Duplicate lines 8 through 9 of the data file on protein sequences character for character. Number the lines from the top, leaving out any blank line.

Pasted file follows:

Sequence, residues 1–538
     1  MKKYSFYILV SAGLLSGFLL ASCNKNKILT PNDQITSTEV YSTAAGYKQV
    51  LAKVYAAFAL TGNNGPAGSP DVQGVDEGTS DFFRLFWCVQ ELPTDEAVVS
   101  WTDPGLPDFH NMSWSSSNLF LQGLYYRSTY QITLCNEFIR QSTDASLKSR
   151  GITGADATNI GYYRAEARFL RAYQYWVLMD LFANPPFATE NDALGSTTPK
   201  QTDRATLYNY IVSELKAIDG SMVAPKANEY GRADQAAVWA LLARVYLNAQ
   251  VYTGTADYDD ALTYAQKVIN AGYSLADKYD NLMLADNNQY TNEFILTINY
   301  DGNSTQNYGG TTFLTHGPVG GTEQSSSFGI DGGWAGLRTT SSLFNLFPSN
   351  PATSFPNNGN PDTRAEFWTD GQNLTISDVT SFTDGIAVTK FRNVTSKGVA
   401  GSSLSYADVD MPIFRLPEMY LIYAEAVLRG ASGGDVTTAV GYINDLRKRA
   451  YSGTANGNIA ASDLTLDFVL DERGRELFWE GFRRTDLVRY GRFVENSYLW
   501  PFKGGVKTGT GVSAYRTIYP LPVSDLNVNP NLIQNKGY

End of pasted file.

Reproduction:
   301  DGNSTQNYGG TTFLTHGPVG GTEQSSSFGI DGGWAGLRTT SSLFNLFPSN
   351  PATSFPNNGN PDTRAEFWTD GQNLTISDVT SFTDGIAVTK FRNVTSKGVA